One more thing before I get to the gist of this. As I mentioned earlier, I am reflecting quite a bit on my life right now. Over the last few months I have learned something about myself I don’t like: I’m very negative. I have a negative attitude on a lot of things, and I do not like that. Look, I used a negative in that last sentence, but that’s not what I mean (oo0, look, another negative). I’ve never really had a positive outlook on things. I’m always thinking the worst about things, and let me tell you, that is a bad thing. Why? Because people pick up on that negativity and it can rub off on others.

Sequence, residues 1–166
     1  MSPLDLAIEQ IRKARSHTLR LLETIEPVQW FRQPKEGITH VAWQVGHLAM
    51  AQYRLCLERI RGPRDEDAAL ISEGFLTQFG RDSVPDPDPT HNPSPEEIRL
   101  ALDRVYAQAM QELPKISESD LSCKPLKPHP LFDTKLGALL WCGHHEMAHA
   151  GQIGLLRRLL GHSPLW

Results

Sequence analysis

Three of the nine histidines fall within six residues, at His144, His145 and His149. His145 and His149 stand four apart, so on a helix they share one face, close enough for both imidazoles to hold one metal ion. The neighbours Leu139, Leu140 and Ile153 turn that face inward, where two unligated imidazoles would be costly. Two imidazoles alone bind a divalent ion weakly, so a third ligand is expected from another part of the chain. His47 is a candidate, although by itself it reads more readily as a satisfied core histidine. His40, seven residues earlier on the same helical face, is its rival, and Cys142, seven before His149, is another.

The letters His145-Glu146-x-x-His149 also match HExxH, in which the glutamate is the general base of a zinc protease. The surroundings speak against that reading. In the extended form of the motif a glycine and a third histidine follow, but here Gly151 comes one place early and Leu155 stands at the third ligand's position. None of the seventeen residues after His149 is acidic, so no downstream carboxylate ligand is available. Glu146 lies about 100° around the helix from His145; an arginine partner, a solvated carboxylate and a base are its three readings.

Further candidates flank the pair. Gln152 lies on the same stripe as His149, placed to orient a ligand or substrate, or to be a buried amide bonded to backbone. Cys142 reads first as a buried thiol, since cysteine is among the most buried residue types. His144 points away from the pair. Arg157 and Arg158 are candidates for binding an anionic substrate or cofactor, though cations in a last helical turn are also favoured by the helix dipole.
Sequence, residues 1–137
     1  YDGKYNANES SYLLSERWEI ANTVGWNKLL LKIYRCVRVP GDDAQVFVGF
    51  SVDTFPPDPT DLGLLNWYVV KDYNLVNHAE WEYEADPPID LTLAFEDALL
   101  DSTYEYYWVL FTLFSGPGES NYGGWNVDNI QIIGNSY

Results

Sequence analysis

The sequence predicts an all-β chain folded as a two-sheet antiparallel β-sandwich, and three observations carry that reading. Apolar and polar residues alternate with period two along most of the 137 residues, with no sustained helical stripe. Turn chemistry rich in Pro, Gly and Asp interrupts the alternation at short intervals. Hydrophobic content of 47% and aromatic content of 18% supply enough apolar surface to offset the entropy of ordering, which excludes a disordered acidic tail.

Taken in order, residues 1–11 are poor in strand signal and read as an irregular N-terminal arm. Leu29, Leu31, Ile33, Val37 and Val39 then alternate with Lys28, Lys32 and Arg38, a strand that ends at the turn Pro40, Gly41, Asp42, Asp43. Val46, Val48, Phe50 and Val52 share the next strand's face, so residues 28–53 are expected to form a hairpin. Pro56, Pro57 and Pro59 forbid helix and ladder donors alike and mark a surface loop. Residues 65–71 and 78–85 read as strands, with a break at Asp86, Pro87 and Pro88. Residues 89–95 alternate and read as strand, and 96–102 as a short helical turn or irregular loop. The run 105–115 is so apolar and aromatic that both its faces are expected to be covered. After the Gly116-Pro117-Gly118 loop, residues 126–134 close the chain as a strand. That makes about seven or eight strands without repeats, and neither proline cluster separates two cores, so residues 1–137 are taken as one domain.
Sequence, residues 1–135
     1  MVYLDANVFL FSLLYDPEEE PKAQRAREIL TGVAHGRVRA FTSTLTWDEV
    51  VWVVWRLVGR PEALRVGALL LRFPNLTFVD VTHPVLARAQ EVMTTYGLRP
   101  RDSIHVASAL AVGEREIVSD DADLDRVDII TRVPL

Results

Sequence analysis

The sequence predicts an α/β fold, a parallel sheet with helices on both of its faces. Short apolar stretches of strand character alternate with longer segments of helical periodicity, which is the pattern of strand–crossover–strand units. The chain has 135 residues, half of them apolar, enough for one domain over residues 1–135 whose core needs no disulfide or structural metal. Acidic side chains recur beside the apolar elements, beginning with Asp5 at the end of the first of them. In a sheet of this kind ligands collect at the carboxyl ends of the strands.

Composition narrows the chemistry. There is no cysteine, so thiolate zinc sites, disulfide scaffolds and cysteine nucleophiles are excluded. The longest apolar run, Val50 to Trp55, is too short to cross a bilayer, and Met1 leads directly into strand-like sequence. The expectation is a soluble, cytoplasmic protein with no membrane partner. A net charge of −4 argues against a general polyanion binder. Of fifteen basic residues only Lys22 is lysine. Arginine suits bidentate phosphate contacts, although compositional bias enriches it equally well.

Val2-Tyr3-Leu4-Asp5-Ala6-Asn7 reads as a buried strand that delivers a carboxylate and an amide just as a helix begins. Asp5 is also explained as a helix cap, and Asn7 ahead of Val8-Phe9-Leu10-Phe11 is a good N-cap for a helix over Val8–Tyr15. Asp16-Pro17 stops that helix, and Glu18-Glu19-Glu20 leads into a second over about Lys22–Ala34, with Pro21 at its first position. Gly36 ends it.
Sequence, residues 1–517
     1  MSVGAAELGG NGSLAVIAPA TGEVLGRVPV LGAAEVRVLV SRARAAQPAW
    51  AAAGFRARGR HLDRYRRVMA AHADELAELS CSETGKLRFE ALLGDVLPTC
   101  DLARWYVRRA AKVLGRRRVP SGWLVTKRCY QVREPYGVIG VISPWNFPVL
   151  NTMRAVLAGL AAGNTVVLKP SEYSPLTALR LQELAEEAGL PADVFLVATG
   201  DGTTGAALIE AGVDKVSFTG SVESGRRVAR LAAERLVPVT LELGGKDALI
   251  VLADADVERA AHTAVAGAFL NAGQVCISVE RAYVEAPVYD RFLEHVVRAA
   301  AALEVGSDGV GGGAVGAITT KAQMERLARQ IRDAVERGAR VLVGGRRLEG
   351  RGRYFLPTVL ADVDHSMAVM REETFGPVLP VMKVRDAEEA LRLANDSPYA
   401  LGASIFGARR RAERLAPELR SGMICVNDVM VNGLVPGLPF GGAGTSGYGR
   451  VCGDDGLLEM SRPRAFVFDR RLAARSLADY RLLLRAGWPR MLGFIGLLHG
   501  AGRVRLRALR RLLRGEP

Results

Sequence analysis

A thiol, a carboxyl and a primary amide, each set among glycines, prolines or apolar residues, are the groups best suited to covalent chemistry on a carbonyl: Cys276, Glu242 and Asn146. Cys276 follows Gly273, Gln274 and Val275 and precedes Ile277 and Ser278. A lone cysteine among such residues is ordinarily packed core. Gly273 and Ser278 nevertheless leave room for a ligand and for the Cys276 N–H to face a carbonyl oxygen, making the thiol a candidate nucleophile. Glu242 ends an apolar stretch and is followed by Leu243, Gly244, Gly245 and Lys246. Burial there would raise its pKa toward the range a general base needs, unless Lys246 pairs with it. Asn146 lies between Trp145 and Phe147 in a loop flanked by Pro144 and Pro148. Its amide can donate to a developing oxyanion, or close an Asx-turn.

Now, here’s the deal:

I’m going to do something and I hope others will get involved with it. It’s called the ‘I Lived For’ Campaign. What is the ‘I Lived For’ Campaign? Well, I never thought you’d ask, but since you did: The ‘I Lived For’ Campaign is taking a day and living it for someone else. No, not literally–you can’t live someone else’s life, unless you’ve murdered them and stolen their identity, but that’s frowned upon in society, so let’s steer clear of that. Okay?